Bill Falls photoWelcome from the Dean

There was a time when a high school diploma was all anyone needed to establish a fulfilling career. That was a pretty long time ago. Today we live in a world where the bachelor’s degree is the “coin of the realm” in terms of achieving maximum opportunity and fulfillment in the work place.

Increasingly, “A master’s or professional degree is required for people who want more specialized-career-focused training, or who want to position themselves for future leadership positions.

Graduate school usually involves a two-year commitment, and that may be a bridge too far for some college graduates and their families. One way the College of Arts and Sciences is working hard to bridge that gap is by offering accelerated master’s degree programs (AMP’s) which provide students with the option of earning a bachelors and a master’s degree in a total of five years.

CAS AMPs include biology, chemistry, English, Greek & Latin, historic preservation, history, physics and psychology. These programs provide for early admission with up to six concurrent credits counted toward the bachelor's and master's degrees (effectively a six-credit scholarship for the graduate program). Most programs also allow students to take an additional three credits of graduate coursework while still an undergrad. Other benefits include earlier entry into the working world, less student debt, and avoiding the cost of graduate admission tests and application fees.

Working closely with their advisors, undergraduates like Kiara Day ’18 are successfully transitioning into an AMP program.

Kiara is looking forward to working in academia or in the museum world. “The AMP gave me a big leap forward in my education,” she said. “I am happy with my decision to continue at UVM with the AMP because it has allowed me to keep down the cost of a graduate education and it offers an excellent opportunity to continue my connections with our outstanding history faculty.”

If you know a student who is considering attending UVM, or first or second year student thinking ahead to earning a master’s degree, let them know about our AMP programs. For more information, visit https://www.uvm.edu/graduate/accelerated-masters-degree-programs

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Bill Falls
Dean of Arts and Sciences

Top News

Jacques Bailly Honored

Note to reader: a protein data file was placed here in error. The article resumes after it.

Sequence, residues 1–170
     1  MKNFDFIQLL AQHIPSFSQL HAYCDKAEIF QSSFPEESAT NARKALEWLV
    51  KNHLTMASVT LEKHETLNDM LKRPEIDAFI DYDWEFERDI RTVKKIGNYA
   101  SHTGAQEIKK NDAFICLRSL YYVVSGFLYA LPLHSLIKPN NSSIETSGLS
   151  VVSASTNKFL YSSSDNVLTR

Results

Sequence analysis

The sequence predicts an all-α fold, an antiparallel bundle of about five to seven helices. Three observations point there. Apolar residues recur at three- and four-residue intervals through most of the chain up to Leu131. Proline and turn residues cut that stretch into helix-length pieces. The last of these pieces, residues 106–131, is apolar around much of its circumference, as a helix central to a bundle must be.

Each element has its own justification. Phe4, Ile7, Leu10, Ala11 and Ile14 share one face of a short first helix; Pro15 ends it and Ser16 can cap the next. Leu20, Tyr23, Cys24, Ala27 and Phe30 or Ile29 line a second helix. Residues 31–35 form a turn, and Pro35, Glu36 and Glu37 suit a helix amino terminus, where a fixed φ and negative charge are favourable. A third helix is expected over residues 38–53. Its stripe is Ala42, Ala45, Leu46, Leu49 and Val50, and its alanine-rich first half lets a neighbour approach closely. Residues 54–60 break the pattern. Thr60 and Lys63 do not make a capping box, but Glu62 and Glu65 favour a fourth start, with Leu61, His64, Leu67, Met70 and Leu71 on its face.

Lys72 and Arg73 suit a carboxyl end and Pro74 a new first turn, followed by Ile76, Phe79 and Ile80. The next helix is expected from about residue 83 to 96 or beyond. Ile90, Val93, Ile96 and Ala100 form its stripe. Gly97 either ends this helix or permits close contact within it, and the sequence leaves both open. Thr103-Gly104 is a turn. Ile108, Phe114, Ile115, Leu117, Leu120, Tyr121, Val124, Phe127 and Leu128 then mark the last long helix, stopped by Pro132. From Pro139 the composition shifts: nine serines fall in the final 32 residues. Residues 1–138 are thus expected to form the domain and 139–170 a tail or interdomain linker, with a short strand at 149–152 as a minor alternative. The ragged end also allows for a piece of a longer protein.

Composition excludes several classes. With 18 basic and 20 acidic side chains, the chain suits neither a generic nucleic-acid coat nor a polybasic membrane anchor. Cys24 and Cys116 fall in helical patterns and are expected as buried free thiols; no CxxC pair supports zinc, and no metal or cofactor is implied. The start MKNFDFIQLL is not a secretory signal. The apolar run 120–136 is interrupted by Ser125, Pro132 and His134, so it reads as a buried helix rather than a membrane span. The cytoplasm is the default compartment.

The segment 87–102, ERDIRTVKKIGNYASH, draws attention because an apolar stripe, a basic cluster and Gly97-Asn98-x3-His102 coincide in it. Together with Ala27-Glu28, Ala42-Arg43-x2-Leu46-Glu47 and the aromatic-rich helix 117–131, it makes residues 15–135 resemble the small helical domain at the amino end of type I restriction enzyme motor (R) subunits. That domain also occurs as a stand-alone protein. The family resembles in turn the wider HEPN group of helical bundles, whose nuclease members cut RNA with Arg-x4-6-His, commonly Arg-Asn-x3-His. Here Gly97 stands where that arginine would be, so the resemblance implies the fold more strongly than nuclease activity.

In 1980, 14-year-old Jacques Bailly received an impressive trophy for winning the Scripps National Spelling Bee. Last month Bailly, associate professor of classics at UVM, collected a second trophy in recognition of his service as chief “pronouncer” of the national spelling bee.

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UVM Poet Wins National Award

Four years removed from UVM, Alexandria Hall '15 has been named a winner of the prestigious 2019 National Poetry Series Open Competition for her collection titled "Field Music."

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NSF Grant Funds State-of-the-Art Microscope

UVM's new Tip-Enhanced nano-Raman Spectroscopy unit (TERS) is a microscope so refined it can measure things 10,000 times smaller than the width of a human hair.

 

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Billings Library

An Evening with Preet Bharara

Preet Bharara, former U.S. Attorney for the Southern District of New York, delivers the George D. Aiken Lecture Thursday, November 14 at 5 p.m. in UVM's Ira Allen Chapel. The presentation features anecdotes from Bharara’s time as a federal prosecutor, his thoughts on the justice system and constitutional governance today, and more. Bharara now has a vast online and social media presence where people look tohim for his critical analysis and keen insights on pressing issues like the Mueller investigation and other important topics of the day. Fresh off the release of his first book, Doing Justice: A Prosecutor’s Thoughts on Crime, Punishment, and the Rule of Law, Bharara comes to UVM for a candid conversation on his career and America’s justice system.

Bharara is a Harvard and Columbia Law School graduate who served as the U.S. Attorney for the Southern District of New York from 2009 to 2017. In 2016 he was named, “the man who terrifies Wall Street,” by The New Yorker for his tough stance on financial crimes. Bharara oversaw the investigation and litigation of all criminal and civil cases and supervised an office of more than 200 Assistant U.S. Attorneys, who handled cases involving terrorism, narcotics and arms trafficking, financial and healthcare fraud, cybercrime, public corruption, gang violence, organized crime, and civil rights violations. The lecture is free and open to the public. 

The University of Vermont’s George D. Aiken Lectures are a permanent tribute to the former Dean of the United States Senate and Governor of Vermont for his many years of service to the people of the state and nation.

 

From around the University

University of Vermont Establishes Patrick and Marcelle Leahy Scholars Initiative

Installation Ceremony Makes Garimella Presidency Official

 

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